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Transcript
the rate of byproduct formation increases more sharply with the increased acid concentration, indicating
an AAcl mechanism. More importantly, the acylium ion intermediate of the
glutamyl residue has been identified in
this and other studies.
In analogy to the glutamic acid-rate
profile, the aspartimide formation in
low HF concentrations is expected to
be AAc2. As the acid concentration increases, the rate of byproduct formation changes at HF >75%. However, it
is not clear whether there is a change of
mechanism from AAc2 to AAC 1. Contrary to the case with glutamic acid, the
corresponding aspartyl acylium ion has
never been identified. Further, data obtained from other studies do not support the existence of an acylium ion intermediate ( 40). For example, Olah
(29) found that: ( l) a- or P-amino
acids, including aspartic acid, did not
give acylium ions in much stronger
acids than HF; for example, super acids
at 45° C. Under the same conditions yamino acids, such as glutamic acid, exhibited acylium ion production. 2)
Aspartimide formation is sequence dependent, while side reactions of
glutamyl peptides do not appear to be
sequence dependent. (3) Side reactions
of glutamyl peptides occur at slower
rates than the cyclization to aspartimide. These data argue against
acylium ion formation from aspartic
acid. The difference may be caused
by the greater charge separation of
the aspartyl acylium ion (+NH3CH(COOH)CH2CO+) as compared to
the
glutamyl
acylium
ion
(+NH3CH(COOH)CH2CH2CO+) (29,
30). Since our model tetrapeptide contains both the a- and P-amino acid
linkage of aspartyl sequence, we conclude that acylium ion formation is not
likely to occur. To clarify the situation,
we reacted the [3-aspartyl peptide (4)
under conditions similar to other model
tetrapeptides (Table 5). It was anticipated that in HF, aspartimide could
only be formed by an AAc2 mechanism, in which either the a-benzyl ester
or the protonated a-benzyl ester a-carboxyl group was protonated. The formation of an acylium ion has not been
observed with a-carboxylic acids or
esters. Indeed, aspartimide was obtained from 14. These results, together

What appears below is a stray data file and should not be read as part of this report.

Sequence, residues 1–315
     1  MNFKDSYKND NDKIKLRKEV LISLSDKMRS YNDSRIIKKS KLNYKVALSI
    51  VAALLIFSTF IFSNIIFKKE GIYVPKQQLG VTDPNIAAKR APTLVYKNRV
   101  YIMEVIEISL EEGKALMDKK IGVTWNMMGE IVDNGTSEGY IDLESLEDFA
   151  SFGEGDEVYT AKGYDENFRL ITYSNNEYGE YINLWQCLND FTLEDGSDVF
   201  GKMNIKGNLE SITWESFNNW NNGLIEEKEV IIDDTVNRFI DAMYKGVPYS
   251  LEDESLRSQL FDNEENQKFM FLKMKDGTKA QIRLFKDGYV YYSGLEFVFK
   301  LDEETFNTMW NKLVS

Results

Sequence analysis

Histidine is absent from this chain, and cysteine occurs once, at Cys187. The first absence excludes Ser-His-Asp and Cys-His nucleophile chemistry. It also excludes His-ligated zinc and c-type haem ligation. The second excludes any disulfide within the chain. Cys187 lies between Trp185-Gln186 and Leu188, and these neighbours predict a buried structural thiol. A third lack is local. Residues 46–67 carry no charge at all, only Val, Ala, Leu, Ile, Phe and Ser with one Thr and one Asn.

with literature data, appear to diminish
the likelihood of the AAc l mechanism
for aspartimide formation in strong
acid. An alternative explanation is
needed for the rate change of aspartimide formation in concentrated HF
solutions. A plausible explanation is
that aspartimide formation remains
AAc2 under these conditions, and the
rate change reflects the stability of the
dication 23 in the rate-determining step
Figure 12). Further, there is an increased tendency towards protonation
of the side chain carboxyl as the acidity
increases. Finally, it is clear from our
results that 0-protonation of the AspGly amide bond predominates over Nprotonation. Attack on the amide
nitrogen is only possible with the
former.
Our results support the conclusion
the cyclohexyl ester is a suitable
protecting group for the synthesis of
0
II
~-C-OR
I
·-(Glu)-NH-CH-C-NH-CHz-C-(Tiir)-·
It
0
II
0
22
'Vu
0
II
cu-e
I
z
\
··-NH-CH-~-N--···
0
24
"'"'
Figure 12. Proposed AAc2 mechanism for aspartimide formation in strong acids.
Vol. 1. No. 1 (1988)
peptidcs containing aspartic acid. It
minimizes both base and acid catalyzed
aspartimide formation by either the
BAc2 or AAc2 mechanisms. From the
results of this work, the mechanism of
this side reaction is better understood
and can be better controlled. Furthermore. this study has provided insight
into the role of protecting groups in
aspartimide formation. It suggests a
protecting group strategy for peptide
synthesis which will minimize the formation of aspartimide.
ACKNOWLEDGMENTS
This work was supported in part by
PHS grant DKOI260 and CA36544.
We thank Ms. Dolores Wilson and
Mrs. Rita Taylor for expert secretarial
work.
We dedicate this paper to Professor
H. Yajima on the occasion of his retirement from Kyoto University.
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